No matter what the temperature is outside, psychotropic medications affect the body’s ability to regulate its own temperature. But during a heat wave, individuals taking antipsychotic medications are especially at risk of developing excessive body temperature, or hyperthermia, which can be fatal. You should know the signs of Heat Exhaustion and Heat Stroke and what to do if the heat starts getting to you.
Stay in air-conditioned areas if possible. If you do not have air conditioning at home, go to a shopping mall or public library.
Keep windows shut and draperies, shades, or blinds drawn during the heat of the day.
Open windows in the evening or night hours when the air outside is cooler.
Move to cooler rooms during the heat of the day.
Avoid overexertion and outdoor activity, particularly during warmer periods of the day.
Apply sunscreen and lotion as needed.
Drink plenty of fluids (avoid coffee, tea, and alcohol).
Dress in loose fitting, light colored clothing. Wear a hat, sunglasses, and other protective clothing.
Take a cool shower or bath.
Lose weight if you are overweight.
Eat regular meals to ensure that you have adequate salt and fluids.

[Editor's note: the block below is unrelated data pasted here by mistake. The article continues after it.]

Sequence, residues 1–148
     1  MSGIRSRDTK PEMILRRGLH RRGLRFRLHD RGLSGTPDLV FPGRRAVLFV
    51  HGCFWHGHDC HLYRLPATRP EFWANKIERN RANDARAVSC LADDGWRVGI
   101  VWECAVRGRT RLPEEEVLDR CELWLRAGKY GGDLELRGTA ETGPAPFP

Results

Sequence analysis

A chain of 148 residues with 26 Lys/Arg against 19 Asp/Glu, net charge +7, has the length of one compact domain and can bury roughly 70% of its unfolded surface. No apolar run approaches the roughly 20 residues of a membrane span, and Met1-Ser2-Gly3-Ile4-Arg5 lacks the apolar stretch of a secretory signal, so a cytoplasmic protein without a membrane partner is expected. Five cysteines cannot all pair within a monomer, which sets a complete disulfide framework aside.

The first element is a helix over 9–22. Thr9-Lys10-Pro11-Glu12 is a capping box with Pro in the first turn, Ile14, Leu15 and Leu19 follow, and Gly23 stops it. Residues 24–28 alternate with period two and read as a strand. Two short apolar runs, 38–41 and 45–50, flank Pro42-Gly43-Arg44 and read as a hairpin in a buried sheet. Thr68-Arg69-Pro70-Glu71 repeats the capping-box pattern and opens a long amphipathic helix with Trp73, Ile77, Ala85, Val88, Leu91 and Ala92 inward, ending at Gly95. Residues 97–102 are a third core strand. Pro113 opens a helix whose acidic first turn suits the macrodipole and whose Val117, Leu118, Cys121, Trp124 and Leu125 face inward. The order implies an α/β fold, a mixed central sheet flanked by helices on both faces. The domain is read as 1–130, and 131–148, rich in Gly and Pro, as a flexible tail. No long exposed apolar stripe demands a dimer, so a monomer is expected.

Understand the risk of the drugs you take. Psychotropic drugs have specific warnings from the manufacturer to avoid excessive heat and dehydration. If you have questions, check with your doctor or pharmacist about your medications.
WARNING:Anyone wishing to discontinue or change the dose of a psychiatric drug is cautioned to do so only under the supervision of a competent medical doctor because of potentially dangerous, even life-threatening mental and physical withdrawal symptoms.
If you or anyone you know has experienced harmful side effects from psychiatric drugs, we want to talk to you. You can contact us by clicking here or by calling 303-789-5225. All information will be kept in the strictest confidence.
More than 175 years after its founding, the American Psychiatric Association (APA) issued a public apology in January for psychiatry’s “role in perpetrating structural racism” and said it hoped to make amends.
Here’s a suggestion to the APA: repudiate and discontinue all symbolic association with Dr. Benjamin Rush, the slave-owning “Father of American Psychiatry” who is responsible for the “scientific racism” at the very root of the structural racism in psychiatry that the APA now says it regrets.
And what better time to cut psychiatry’s ties to Rush than on America’s first nationwide celebration of Juneteenth, a day that commemorates the end of slavery in the United States.
Until 2015, a seal with the image of Benjamin Rush served as the APA’s logo, and the APA still presents a Benjamin Rush award at its annual meeting.